You easily could be right as I likewise indicated my reply was purely assumptive with what could be offered. Parlor bets have been around for ever so I would've thought that a form of exacts/forecast bets had been around before mid-century. It would be interesting to know the true date.

          Comment

          • Original Poster

            #6
            Originally posted by gumtree View Post
            For those not familiar with horse wagering terms; an Exacta/Perfecta bet is when one picks the first 2 horses to cross the finish line in the order bet. An Exacta Box is the same bet but does not matter in which order. It cost twice as much as a “straight’ Exacta. The same as placing 2 Exacta bets, for example, you bet $2 for a 1-2 ticket, then bet $2 for a 2-1 ticket. Instead of getting 2 tickets you get the same bet on 1 ticket for $4.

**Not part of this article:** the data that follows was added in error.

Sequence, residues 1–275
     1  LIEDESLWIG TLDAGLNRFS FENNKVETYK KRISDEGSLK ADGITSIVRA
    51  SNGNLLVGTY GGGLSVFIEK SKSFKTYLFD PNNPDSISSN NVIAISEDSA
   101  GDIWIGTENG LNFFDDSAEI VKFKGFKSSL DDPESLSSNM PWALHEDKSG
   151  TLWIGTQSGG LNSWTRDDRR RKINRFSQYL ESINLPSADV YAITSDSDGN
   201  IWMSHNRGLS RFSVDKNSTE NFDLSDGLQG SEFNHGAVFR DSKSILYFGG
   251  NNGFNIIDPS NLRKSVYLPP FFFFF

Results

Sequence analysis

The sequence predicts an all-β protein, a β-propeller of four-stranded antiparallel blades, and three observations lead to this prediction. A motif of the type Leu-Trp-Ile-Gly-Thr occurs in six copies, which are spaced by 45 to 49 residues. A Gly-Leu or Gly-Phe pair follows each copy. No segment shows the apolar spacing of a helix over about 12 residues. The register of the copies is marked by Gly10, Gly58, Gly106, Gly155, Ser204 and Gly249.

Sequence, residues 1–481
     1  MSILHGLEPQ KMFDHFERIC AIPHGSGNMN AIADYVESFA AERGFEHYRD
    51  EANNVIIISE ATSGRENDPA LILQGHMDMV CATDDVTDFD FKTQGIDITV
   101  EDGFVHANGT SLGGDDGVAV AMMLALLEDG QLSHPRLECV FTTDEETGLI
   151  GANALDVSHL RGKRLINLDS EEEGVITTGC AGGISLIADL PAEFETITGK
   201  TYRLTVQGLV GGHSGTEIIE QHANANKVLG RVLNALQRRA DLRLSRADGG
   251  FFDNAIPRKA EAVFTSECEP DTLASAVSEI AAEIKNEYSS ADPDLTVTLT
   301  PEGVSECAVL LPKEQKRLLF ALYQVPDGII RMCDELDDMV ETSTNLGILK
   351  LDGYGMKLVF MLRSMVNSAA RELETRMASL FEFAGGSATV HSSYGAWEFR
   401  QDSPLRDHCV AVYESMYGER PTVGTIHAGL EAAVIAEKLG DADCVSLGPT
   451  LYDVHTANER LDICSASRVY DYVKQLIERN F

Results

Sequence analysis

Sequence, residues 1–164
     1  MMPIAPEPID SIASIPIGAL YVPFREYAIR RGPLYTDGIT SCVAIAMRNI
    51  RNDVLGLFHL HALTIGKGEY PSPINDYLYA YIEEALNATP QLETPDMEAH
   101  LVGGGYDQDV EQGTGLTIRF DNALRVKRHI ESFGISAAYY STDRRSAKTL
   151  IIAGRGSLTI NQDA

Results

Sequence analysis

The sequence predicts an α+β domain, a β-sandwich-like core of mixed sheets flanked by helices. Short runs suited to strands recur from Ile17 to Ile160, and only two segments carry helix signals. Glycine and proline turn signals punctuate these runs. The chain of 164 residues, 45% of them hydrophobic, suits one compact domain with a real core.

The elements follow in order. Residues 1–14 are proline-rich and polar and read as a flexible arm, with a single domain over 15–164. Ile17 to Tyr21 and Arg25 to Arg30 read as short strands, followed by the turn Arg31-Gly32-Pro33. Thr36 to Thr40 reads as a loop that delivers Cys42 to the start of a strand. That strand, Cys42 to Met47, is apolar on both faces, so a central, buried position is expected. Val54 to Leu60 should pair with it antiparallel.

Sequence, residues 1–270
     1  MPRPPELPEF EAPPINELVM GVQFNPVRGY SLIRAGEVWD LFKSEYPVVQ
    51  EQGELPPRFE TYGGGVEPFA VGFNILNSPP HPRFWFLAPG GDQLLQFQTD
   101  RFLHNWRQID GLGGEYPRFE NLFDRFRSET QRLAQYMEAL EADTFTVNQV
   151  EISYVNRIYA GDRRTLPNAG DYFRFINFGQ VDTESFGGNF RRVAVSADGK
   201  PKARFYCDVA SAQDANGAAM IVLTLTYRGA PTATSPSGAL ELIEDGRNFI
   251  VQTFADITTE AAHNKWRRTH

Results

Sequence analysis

That's news to me. I've been only to Laurel, Pimlico and the three NYRA tracks but, IIRC, at those tracks Exacta betting was what you're calling Exacta/Perfecta: 1-2 in just that order. However, sometimes they took a 1-2 bet in either order; this was called "Quinella." It cost only $2 and paid the lower odds of either.
            **********
            Starts with an 'S,' ends with a 'T.' You figure it out.

            **********
            "Houston, Tranquility Base here, picking up where we left off ..."

            Comment


            • #7
              WC, I think you are both correct. Perhaps Gumtree's explanation is a little confusing. An exacta box is basically two tickets, for example the 2-1 and 1-2 exactas. So if 1 won and 2 was 2nd, you would have one winning ticket and one losing ticket. The quinella, as you said, is a different pool (and one I've rarely played).

              Comment


              • #8
                Originally posted by WhiteCamry View Post